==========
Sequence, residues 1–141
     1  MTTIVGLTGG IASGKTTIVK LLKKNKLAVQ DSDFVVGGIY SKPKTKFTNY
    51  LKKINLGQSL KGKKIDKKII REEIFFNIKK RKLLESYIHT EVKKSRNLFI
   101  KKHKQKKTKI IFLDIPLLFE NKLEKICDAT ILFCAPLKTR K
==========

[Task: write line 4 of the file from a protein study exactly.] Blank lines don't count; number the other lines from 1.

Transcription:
   101  KKHKQKKTKI IFLDIPLLFE NKLEKICDAT ILFCAPLKTR K